My job here, though, tempting a trap as it might be, is not to make the case that there isn't a 50% chance that God exists. It's to point out that it is the job of the person claiming that there's a 50% chance that God exists to be able to establish that. I don't feel such a number is warranted in any way whatsoever by the evidence of the world, and "it is or it isn't" is a fallacious way to think about the matter. Since "God" is the hypothesis of the theist, though, it is the theist's job to establish that 50% is a reasonable number. What case can be made for this without begging the question?

Fifty percent was the hurdle. The same argument applies going downward, so we can skip quickly to 5%. Is there a compelling argument that the number that describes the likelihood that God exists is at least 5%? My claim is that it is up to the theist to provide such an argument, or that we are not required to accept that claim.

As Dawkins points out with his "very low probability" in his spectrum, we can slide to 1% or 0.1% or 0.00001% on this same construction. Where is the argument saying that God's existence is at least that likely? How low is the "very low probability"? I contend that any positive number that a theist puts out requires defense or begs the question. If I wanted to do this in math-speak, for any small number epsilon greater than zero, assuming that the probability that God exists is epislon begs the question without a proper and solid defense.

But, you can't say that?!

The only defense the theist has at this point is "but you can't say that the probability is zero that God exists without proving it!" Well, two responses are warranted. First, I haven't. I said every positive probability begs the question without an argument to support it. Second, actually, I can say that, so long as I qualify it with "the probability is zero, almost surely, that God exists." Since "almost surely" admits wildly unlikely possibility, it does not run afoul of philosophical defensibility.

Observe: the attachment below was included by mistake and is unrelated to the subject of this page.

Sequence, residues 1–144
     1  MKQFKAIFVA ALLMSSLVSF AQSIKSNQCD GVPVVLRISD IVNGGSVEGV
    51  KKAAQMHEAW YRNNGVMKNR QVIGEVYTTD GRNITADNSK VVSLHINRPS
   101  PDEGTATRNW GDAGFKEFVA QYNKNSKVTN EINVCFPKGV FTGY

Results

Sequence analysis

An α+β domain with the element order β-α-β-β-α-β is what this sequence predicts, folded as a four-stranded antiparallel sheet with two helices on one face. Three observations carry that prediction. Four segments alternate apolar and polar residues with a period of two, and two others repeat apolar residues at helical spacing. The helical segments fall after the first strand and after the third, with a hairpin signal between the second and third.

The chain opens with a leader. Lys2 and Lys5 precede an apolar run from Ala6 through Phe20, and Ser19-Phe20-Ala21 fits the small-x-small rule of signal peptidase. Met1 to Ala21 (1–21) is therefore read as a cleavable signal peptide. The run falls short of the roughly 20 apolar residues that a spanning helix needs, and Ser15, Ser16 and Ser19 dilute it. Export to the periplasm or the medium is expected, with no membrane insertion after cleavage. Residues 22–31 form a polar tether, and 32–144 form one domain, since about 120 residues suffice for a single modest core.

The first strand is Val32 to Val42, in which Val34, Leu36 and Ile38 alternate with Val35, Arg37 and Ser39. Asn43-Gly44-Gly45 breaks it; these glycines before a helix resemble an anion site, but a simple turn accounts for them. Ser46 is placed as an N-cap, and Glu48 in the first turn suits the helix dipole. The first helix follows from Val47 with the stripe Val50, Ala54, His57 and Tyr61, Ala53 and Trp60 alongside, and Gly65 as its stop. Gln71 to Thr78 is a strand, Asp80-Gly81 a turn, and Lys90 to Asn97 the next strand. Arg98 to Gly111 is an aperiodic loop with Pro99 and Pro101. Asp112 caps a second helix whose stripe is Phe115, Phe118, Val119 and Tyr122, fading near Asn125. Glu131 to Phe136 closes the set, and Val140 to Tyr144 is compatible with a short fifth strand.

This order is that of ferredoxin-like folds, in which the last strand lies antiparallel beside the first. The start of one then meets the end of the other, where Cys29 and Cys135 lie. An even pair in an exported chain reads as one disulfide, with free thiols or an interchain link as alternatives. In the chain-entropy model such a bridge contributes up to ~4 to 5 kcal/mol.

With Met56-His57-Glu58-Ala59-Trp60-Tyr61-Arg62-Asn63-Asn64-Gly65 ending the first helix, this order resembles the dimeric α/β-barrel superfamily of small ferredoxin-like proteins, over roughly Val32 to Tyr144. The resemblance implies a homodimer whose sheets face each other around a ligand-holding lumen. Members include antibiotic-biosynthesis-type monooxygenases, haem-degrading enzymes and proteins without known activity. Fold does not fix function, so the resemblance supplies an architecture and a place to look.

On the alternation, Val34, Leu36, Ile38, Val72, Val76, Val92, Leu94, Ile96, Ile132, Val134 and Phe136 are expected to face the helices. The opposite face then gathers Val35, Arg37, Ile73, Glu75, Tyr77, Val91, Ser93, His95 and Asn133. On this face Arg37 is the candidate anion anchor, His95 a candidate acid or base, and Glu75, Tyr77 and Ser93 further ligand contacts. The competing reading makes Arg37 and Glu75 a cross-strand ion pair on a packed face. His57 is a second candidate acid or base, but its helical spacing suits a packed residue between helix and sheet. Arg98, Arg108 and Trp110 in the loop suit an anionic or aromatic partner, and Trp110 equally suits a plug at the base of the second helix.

So, my claim is that unless a substantial argument can be provided that establishes a nonzero, almost surely, probability for the existence of God, theists beg the question to suggest any positive probability. Some "very low probability" can actually be zero, almost surely, then, and Richard Dawkins can describe himself as a 6.999... on his spectrum. Technically, 6.999... equals 7, but since he defined a seven as "Strong atheist. 'I know there is no God, with the same conviction as Jung knows there is one,'" perhaps this justifies the use of the nonstandard form of that number as a rhetorical device.

17 comments:

  1. Theists who cling to an ever-receding probability of god remind me of Lloyd from Dumb and Dumber:
    http://www.youtube.com/watch?v=yCFB2akLh4s

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  2. I agree with you when you say that the probability of God’s existence is less than 100% because I can’t be absolutely certain of anything other than my own existence. However, when you start placing the probability of God’s existence below 50% your argument falls apart due to the card stacking fallacy. You fail to think about the evidence against your implied claim that the probability that the universe was caused by a purely naturalistic material entity is essentially 100%. You need to realize that this is a very bold claim that needs to be backed up by evidence or solid arguments. What you’re saying is that you’re nearly 100% certain that there is an entity, which is not God, that is pure actuality that actualizes all potential objects in the universe and even the universe itself (assuming that it not pure actuality).